“Something died in the United States of America this week. In the smoke and debris of lower Manhattan, in the western wing of the Pentagon of Washington, D.C., and in a placid wooded area of western Pennsylvania, our sense of invulnerability burned to the ground. In the horror and confusion of Tuesday, September 11 and the days which followed, we watched and listened and talked and prayed, trying desperately to make some sense, any sense, of this horrific act of terror and violence on U.S. soil.
Andy Wall, September 2001

It was the second week of September 2001. I was scurrying about, chasing details for our fall ministry launch that coming Sunday. My friend’s stepdad had died and I was gearing up to attend his funeral in San Diego. Then the first call of the day that Tuesday rocked my world: “Turn on the news! The Twin Towers in New York City have been destroyed!! They think it could be a terrorist attack.” It took us a long time to process the magnitude of this event; I daresay we’re still trying to recalibrate our lives to the new realities of our world.

A lot has transpired since that day of infamy twenty  years ago. We have engaged in two wars in Iraq and Afghanistan, the latter of which just ended on August 30. Saddam Hussein and Osama Bin Laden were found and put to death. New words have entered our vocabulary: Ground Zero. Homeland Security. Al-Qaida. Patriot Act. Taliban. Shoe Bomber. Air Marshal. Weapons of Mass Destruction (WMD). Jihad. Abu Ghraib. Rocket Propelled Grenade (RPG). Al-Jazeera. Improvised Explosive Device (IED).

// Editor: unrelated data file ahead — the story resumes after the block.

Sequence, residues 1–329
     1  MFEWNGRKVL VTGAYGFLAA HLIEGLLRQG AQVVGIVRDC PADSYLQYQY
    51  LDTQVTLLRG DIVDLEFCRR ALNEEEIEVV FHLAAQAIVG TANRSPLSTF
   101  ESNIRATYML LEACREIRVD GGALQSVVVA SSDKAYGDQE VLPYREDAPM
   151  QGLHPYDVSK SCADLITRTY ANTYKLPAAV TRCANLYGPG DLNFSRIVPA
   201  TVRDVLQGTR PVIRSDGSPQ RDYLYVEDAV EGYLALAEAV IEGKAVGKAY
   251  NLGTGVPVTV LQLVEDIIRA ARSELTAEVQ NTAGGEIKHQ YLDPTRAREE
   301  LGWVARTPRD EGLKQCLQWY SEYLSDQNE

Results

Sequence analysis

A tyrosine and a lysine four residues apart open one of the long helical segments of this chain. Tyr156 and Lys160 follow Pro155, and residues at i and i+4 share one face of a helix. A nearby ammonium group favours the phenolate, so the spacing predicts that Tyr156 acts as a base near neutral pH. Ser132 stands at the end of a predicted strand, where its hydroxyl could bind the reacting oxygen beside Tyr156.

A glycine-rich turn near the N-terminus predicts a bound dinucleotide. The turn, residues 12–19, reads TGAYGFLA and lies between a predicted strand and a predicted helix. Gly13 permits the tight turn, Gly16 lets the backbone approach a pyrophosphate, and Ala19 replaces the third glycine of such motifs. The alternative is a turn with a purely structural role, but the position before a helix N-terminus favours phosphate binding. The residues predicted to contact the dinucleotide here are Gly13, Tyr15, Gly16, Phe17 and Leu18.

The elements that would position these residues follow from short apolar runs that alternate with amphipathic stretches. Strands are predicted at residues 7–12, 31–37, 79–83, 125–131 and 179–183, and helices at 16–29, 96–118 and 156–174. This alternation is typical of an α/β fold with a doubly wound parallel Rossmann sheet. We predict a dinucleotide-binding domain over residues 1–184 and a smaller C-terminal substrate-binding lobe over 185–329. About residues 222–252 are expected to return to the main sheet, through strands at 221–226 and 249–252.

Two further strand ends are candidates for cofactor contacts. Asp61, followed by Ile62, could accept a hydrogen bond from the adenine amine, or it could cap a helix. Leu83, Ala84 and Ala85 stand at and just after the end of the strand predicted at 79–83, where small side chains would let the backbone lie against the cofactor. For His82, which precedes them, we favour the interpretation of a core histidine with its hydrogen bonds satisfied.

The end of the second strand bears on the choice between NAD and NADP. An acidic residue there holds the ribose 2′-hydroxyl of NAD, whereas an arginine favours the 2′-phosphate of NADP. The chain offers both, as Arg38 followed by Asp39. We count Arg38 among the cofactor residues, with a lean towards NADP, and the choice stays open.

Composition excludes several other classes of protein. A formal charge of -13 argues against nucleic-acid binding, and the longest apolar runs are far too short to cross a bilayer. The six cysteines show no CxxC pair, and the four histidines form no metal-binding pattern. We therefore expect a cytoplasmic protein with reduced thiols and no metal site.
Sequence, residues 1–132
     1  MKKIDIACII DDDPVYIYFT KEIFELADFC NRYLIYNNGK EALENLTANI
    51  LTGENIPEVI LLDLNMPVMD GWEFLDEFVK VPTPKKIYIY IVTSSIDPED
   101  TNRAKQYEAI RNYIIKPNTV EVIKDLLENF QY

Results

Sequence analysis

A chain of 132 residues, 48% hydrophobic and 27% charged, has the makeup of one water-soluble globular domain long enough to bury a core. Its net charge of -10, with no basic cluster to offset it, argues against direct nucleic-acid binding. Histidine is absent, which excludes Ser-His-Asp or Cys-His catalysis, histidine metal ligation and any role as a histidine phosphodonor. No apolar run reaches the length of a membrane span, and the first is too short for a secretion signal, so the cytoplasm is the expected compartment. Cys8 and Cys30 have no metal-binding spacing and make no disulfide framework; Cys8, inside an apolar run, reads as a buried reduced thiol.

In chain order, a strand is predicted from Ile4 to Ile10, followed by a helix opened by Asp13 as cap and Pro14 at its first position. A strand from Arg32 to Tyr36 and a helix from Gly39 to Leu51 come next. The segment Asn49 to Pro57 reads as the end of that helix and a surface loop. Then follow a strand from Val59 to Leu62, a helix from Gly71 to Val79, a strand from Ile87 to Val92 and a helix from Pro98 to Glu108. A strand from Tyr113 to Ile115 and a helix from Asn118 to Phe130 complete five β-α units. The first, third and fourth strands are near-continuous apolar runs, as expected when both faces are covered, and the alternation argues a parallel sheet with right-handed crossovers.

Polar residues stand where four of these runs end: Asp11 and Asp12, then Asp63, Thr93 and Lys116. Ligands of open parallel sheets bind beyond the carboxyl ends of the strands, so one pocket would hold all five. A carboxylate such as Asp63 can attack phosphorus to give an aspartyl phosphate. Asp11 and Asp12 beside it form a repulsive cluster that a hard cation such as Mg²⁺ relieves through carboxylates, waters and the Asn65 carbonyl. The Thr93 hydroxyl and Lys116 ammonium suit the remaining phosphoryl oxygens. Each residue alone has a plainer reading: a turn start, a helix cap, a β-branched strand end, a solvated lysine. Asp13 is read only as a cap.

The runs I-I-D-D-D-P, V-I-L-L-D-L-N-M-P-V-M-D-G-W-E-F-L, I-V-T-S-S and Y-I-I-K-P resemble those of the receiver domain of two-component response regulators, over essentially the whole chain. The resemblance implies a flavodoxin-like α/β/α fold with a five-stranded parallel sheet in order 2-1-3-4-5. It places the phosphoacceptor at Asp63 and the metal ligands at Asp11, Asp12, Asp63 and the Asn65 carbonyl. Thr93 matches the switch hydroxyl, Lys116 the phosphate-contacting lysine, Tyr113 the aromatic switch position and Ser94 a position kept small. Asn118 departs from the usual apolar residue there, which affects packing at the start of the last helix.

What impact has 9/11 had on me over the past twenty years as a follower of Jesus? First, I have been disappointed at how lustily many of my fellow Christians have celebrated the deaths of our enemies. I understand that in our fallen world, evildoers must sometimes be opposed with force and brought to justice; but I don’t get followers of Jesus cheering for the deaths of those for whom Jesus taught us to pray.

Second, I’ve gotten to know some of the service-people who have served multiple tours of duty for the United States in the post-9/11 era. I helped one train for his first marathon. I have the utmost respect for their courage, honor, and loyalty. I have come to understand that even if I don’t agree with a war at a philosophical level, I can still honor those in uniform who have placed themselves in harm’s way to protect others.

Finally, the aftermath of 9/11 has solidified my commitment NOT to live by fear. Traveling to various places in the world during the past two decades has confirmed my sense that if we live by fear, the terrorists have already won. Most importantly, living by fear is not the appropriate posture for a disciple of Jesus Christ. Living by faith instead of fear may allow us to do a better job of loving our Muslim neighbors as ourselves, of refusing to scapegoat immigrant populations for American problems, and of engaging constructively with the challenges of our day.

Andy Wall
Author: Andy Wall